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_Dr. Eiserich_eiserich-3

_Dr. Eiserich_eiserich-3 - Nitric Oxide in the Lung Jason P...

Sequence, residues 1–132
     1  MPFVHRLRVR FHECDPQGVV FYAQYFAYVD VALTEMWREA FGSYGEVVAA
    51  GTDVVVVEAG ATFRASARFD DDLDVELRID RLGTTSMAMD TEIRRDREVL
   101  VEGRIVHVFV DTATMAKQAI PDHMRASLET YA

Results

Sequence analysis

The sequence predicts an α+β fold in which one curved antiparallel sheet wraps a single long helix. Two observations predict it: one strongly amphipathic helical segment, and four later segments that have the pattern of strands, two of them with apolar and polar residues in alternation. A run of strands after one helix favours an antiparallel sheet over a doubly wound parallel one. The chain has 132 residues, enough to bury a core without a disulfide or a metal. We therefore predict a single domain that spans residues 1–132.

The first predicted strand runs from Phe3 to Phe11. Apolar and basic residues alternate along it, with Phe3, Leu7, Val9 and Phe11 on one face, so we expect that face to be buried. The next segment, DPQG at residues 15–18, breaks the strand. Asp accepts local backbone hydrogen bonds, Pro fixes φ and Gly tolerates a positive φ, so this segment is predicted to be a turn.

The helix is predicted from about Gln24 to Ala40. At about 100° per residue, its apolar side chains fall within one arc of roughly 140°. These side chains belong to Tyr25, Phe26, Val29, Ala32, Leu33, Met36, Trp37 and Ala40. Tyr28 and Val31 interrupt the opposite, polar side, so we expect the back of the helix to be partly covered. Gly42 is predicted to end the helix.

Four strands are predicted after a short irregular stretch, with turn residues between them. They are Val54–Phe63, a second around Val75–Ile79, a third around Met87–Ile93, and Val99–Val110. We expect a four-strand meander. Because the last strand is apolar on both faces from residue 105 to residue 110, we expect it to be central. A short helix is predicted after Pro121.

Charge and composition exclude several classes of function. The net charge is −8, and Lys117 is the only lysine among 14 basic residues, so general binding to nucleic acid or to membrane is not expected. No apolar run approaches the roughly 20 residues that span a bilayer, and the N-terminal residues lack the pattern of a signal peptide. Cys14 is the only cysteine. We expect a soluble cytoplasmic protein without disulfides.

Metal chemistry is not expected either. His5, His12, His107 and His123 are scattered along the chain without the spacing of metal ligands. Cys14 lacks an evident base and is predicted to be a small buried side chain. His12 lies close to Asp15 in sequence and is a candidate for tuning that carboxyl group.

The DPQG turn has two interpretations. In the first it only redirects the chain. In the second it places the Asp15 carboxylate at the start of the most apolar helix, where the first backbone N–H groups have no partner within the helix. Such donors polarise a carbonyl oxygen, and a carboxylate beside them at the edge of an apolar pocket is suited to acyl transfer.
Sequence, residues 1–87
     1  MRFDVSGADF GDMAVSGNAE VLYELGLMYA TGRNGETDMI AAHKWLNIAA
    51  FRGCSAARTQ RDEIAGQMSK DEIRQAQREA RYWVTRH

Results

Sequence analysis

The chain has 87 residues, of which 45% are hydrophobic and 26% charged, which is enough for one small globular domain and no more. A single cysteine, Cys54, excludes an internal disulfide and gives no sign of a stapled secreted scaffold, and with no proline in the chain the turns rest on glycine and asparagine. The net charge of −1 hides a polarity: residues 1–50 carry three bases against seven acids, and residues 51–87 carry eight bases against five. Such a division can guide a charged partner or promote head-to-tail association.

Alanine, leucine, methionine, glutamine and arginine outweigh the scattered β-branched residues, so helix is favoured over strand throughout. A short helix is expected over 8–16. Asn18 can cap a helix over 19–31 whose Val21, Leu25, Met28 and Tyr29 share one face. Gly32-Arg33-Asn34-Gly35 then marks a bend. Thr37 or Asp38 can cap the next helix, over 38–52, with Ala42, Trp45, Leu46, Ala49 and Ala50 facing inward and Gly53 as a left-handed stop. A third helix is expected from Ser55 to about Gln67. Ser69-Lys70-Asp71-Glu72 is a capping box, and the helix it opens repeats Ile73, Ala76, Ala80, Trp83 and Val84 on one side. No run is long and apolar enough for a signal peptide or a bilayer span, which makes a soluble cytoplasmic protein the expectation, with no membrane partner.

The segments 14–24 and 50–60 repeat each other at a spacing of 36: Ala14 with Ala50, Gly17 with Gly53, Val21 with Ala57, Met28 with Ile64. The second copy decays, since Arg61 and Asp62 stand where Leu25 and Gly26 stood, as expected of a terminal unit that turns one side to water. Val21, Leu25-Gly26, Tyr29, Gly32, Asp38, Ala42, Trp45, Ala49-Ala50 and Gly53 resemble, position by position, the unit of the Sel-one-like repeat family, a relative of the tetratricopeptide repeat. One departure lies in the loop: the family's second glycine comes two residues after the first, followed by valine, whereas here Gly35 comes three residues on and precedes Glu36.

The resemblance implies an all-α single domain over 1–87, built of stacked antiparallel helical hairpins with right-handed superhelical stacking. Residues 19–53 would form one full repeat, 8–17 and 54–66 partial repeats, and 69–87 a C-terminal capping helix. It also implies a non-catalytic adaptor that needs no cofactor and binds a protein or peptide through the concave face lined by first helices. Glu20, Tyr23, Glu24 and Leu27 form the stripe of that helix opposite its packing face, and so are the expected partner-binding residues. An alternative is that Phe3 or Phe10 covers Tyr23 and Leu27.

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Unformatted text preview: Nitric Oxide in the Lung Jason P. Eiserich Department of Internal Medicine, University of California, Davis E-mail: [email protected] Tel.: 752-4010 ¥ N ¥ ¥ NITRIC OXIDE ¥ ¥ O¥ ¥ Three Nitric Oxide Synthase isoforms NOS1 NOS1 nNOS Constitutive; present in e.g. Constitutive; neurons; role in memory, mood, etc. neurons; Inducible; present in e.g. leukocytes; Inducible; role in inflammation, resistance against pathogens. against Constitutive; present in e.g. Constitutive; endothelial cells; role in vasodilation. NOS2 NOS2 iNOS NOS3 NOS3 eNOS How can we measure airway NO production? q NO in expired breath NO metabolites (nitrite/nitrate) q Condensed q exhalates q (Induced) sputum q Bronchoalveolar lavage fluids NO in the lung: where does it come from? Bronchial and alveolar epithelium (NOS2) Neuronal cells (NOS1) Pulmonary endothelium (NOS3) Inflammatory cells (alveolar macrophages) (NOS2) Contribution of type I NOS to expired gas NO and bronchial responsiveness in mice De Sanctis et al. (1997) Am. J. Physiol. 273: L883-L888. nNOS +/+ Expired NO levels _____________________ nNOS +/+ 6.3 ± 0.9 ppb nNOS -/- nNOS -/3.9 ± 0.4 ppb _____________________ Airway production of nitric oxide Steudel et al. (2000) Am. J. Respir. Crit. Care Med. 162, 1262-1267 Nitric oxide Role in host defense NADPH oxidase O2 O2•– gp91 p22 Rap1A gp91 rac2 p22 Rap1A OPO3 OPO3 OPO3 rac2 p47 p67 p67 p47 p40 OH OH OH p40 Resting Activated Role of NADPH oxidase in host defense q Genetic defect in NADPH oxidase, by deficiency of either p47PHOX, p67PHOX, p22PHOX, or gp91PHOX. Results in chronic granulomatous disease (CGD). CGD leukocytes are unable to consume oxygen, and do not produce H2O2 and O2•– upon activation. Patients with CGD typically have clinical symptoms early in life, and recurrent infections that can lead to death during childhood. q q Inducible nitric oxide synthase expression is reduced in cystic fibrosis murine and human airway epithelial cells T.J. Kelley and M.L. Drumm, J. Clin. Invest. 102: 1200-1207, 1998 non-CF non-CF CF CF Cystic Fibrosis: A genetic defect in CFTR Effect on salt and fluid balance Mucous Isotonic absorption Hypotonic fluid Abnormal ASL ion concentration Isotonic hyper absorption Mucoid Pseudomonas Salt absorption Isotonic secretion Defective secretion NORMAL CF Nitric oxide and cystic fibrosis q Exhaled NO levels and epithelial NOS2 expression are Exhaled generally subnormal in CF patients. generally Reduced NO levels may explain failure in fighting infections Reduced with Pseudomonas Aeruginosa. Pseudomonas Cystic fibrosis patients commonly have exaggerated activation Cystic of airway inflammation; possibly related to subnormal NO of q q Antimicrobial functions of NOS2 Studies with NOS2-deficient mice Benefit to host Mycobacterium tuberculosis Leishmania major Listeria monocytogenes Toxoplasma gondii Ectromelia virus Staphylcoccus aureus Detriment to host Influenza virus pneumonitis Immunosuppression associated with Mycobacterium avium infection No major contribution Plasmodium chabaudi Trypanosoma cruzi Pseudomonas aeruginosa Legionella pneumophilia Chlamydia trachomatis Deficiency in both gp91phox and NOS2 Shiloh et al. (1999) Immunity 10, 29-38 q NOS2–/– and gp91phox–/– mice do not develop spontaneous infections. In contrast, gp91phox–/–/NOS2–/– mice spontaneously developed massive contrast, abscesses in the GI tract, caused by normal flora. abscesses Compared to individual knockouts, gp91phox–/–/NOS2–/– mice less resistant to infections with S. typhimurium, E. coli, or L. monocytogenes. S. E. or L. Results suggest that phox and NOS2 are compensatory in resistance to Results indigenous flora or invading organisms indigenous q q Physiological function Cell signaling NADPH oxidase O2•–/H2O2 Inflammation Bacterial killing Tissue injury Physiological role Vasodilation, neurotransmission NO synthase NO•/NOx? Host defense, inflammation Cell and tissue injury Nitric oxide Role in inflammation Nitric oxide and inflammation: The answer is blowing in the wind Lundberg et al. (1999) Nature Medicine 3:30 q q Measurement of airborne NO to monitor mucosal NO Measurement production in hollow organs. production Luminal levels of NO are dramatically elevated during Luminal inflammation: inflammation: x x x Asthma: 2- to 10-fold increase Inflammatory bowel disease: 20- to 200-fold increase Cystitis: 30- to 100-fold increase NO and inflammation Anti-inflammatory Anti-inflammatory ↓ leukocyte adhesion to endothelium endothelium ↓ P-selectin expression P-selectin ↓ microvascular thrombosis microvascular ↓ lymphocyte proliferation lymphocyte ↓ mast cell degranulation mast ↓ phagocyte oxidant production production ↓ activation of COX activation ↓ activation of NF-kB, AP-1 activation Pro-inflammatory ↑ vasodilation and vascular leakiness vascular ↑ hypotension or vascular collapse collapse ↑ cytotoxicity cytotoxicity ↑ activation of COX activation ↑ formation of RNS formation Biological fates of nitric oxide Fe NO • Fe-NO O2 NO2• N2O3 ONOO– Activation of guanylyl cyclase, cGMP-dependent signaling NO2– NO3– O2•– ONOOH* NO3– Superoxide anion Peroxynitrite anion Peroxynitrous acid Nitrate •– O2 + NO – • k = 6 x 109 M–1 .sec–1 ONOO H+ pKa = 6.8 ONOOH [OH• + NO2• ] – NO3 +H + Nitration of protein tyrosine residues H OH OH N O O Tyrosine pK a = 10 3-Nitrotyrosine p K a = 7.5 Tyrosine nitration in vivo: q q q q q q q q q ..it happens! Atherosclerosis Atherosclerosis Rheumatoid arthritis Inflammatory bowel disease Ulcerative colitis Celiac disease Allograft rejection Heliobacterium Pylori gastritis Heliobacterium gastritis Preeclampsia Septic shock with renal failure q q q q q q q q q Acute lung injury Iodopathic pulmonary fibrosis Perennial nasal allergy Cystic fibrosis Asthma Alzheimer’s disease Amyotrophic lateral sclerosis Multiple sclerosis Cigarette smoking OVA-induced airway inflammation in mice 3-Nitrotyrosine staining in the lung Normal mice Deficient in eosinophil peroxidase Duguet, A. et al. 2001. Am J Respir Crit Care Med 164, 1119-1126 3-Nitrotyrosine staining in BAL cells Duguet, A. et al. (2001) Am J Respir Crit Care Med 164, 1119-1126 Tyrosine nitration q Associated with the presence of inflammatory-immune Associated cells cells Dependent on oxidant mechanisms induced by heme Dependent peroxidases (myeloperoxidase, eosinophil peroxidase) peroxidases Does not require induction of NOS2 or increased NO Does synthesis; basal levels are sufficient synthesis; q q NO• metabolism during inflammation Myeloperoxidase (MPO) iNOS Lysozyme NO• H2O2 Cl– NO2– HOCl NO2– NO2• ClNO2 NO2• MPO O2•– NO• NADPH oxidase O2 ONOO– Tyrosine nitration: functional implications? q Induced by various biological pathways, including Induced enzymatic mechanisms (heme peroxidases) enzymatic Nitration of essential tyrosine residues (i.e. Nitration phosporylation sites, protein tyrosine radicals) can affect protein structure and function affect Potentially reversible, based on enzymatic Potentially “nitrotyrosine dinitrase” or “protein nitratase” activity in some tissues in q q Functional importance of tyrosine nitration during airway inflammation is still unclear van der Vliet et al. (1999) Am. J. Respir. Crit. Care Med. 160, 1-9 Formation of S-nitrosothiols NO O2 ¥ O2¥Ð H+ , Fe(III) N2O3 RS Ð Fe(II)-NO RSÐ + RSÐ ONOOH RSNO Role of S-nitrosation in cell signaling q Activation of guanine nucleotide-binding protein p21ras Modulation of activation and/or DNA binding of transcription factors Modulation (AP-1, NF-κ B) (AP-1, Stimulation of tyrosine phosphorylation by inhibition of Stimulation phosphotyrosine protein phosphatases (PTPs) phosphotyrosine Regulation of apoptosis by inhibition of caspase activity Inhibition of epidermal growth factor receptor tyrosine kinase q q q q H2O2 Parallels between oxidative and nitrosative stress RSNO Oxidative stress GSH GSSG Nitrosative stress GSH GSNO thiol oxidation thiol nitrosation S-OH oxyR HO S-NO oxyR antioxidative and antinitrosative genes RSNO metabolizing activity Hausladen et al., Cell 86, 719 (1996) 2 2 metabolizing Increased Nitrosothiols in Exhaled Breath Condensate in Inflammatory Airway Diseases Corradi et al. (2001) Am. J. Respir. Crit. Care Med.163, 854-858 NO metabolites in asthmatics before and after allergen challenge Dweik et al.(2001) Proc. Natl. Acad. Sci. USA 98, 2622-2627 NO chemical events in asthma NO metabolism during inflammation q Reaction with superoxide to form peroxynitrite Increased consumption by activated heme proteins Increased (phagocyte peroxidases, cyclooxygenase, etc.) (phagocyte Altered metabolism of NO with increased formation Altered of nitrating RNS. of q q NOS2 in airway inflammation Beneficial effect LPS-induced neutrophil adhesion to endothelium Chronic allograft dysfunction Neutrophil inflammation following hyperoxia or ozone exposure LPS-induced lung injury and inflammation Acute allograft rejection Ozone-induced lung injury Allergic airways eosinophilia Influenza virus-induced pneumonia OVA-induced bronchial hyperreactivity LPS-induced mortality Detrimental effect No contribution A role for NOS1 in airways diseases? q OVA-induced airway hyperreactivity suppressed in OVA-induced NOS1-deficient mice NOS1-deficient NOS1 gene polymorphism linked to exhaled NO NOS1 and/or airway hyperreactivity in asthma, cystic fibrosis, and acute chest syndrome fibrosis, Mechanisms unknown; NOS1 may modulate NOS2 Mechanisms induction induction q q Problems/Limitations q Mice are not men. Strong induction of NOS2 in inflammatory-immune Mice cells in rodents, not in humans cells Animal disease models are imperfect. They don’t always reflect human Animal disease. Unconditional knockout of genes may induce compensatory gene Unconditional expression. This may mask anticipated effects. expression. Technical difficulties in quantitating S-nitrosation and tyrosine nitration. Technical Specific protein targets in vivo still unknown. in q q q Summary q NO production usually enhanced during inflammation, potentially as a NO host mechanism and as a feedback regulator of inflammation. E.g. inhaled NO often suppresses inflammation. inhaled NO metabolism during inflammation gives rise to enhanced production NO of RNS that induce tyrosine nitration and S-nitrosation reactions. -nitrosation Nitrosation may represent redox signaling mechanism and regulate Nitrosation gene expression, apoptosis; significance of tyrosine nitration is questionable. questionable. The overall contribution of NO to airway disease depends on many The factors, including temporal and spacial expression of NOS and activation of oxidant producing enzymes. activation q q q Recommended reading q Pitt, B. and St. Croix, C.M. (2001) Am. J. Respir. Cell Mol. Biol. 26, 6-9. Thomassen, M.J. and Kavuru, M.S. (2001) Int. Immunopharmacol 1, Thomassen, 1479-1490. 1479-1490. Nathan, C., and Shiloh, M.U. (2000) Proc. Natl. Acad. Sci. USA 97, Nathan, 8841-8848. 8841-8848. Van der Vliet, A., Eiserich, J.P., Shigenaga, M.K., and Cross, C.E. Van (1999) Am. J. Respir. Crit. Care Med. 160, 1-9. (1999) Gaston, B., Drazen, J.M., Loscalzo, J. and Stamler, J.S. (1994) Am. J. Gaston, Respir. Crit. Care Med. 149, 538-551. Respir. q q q q ...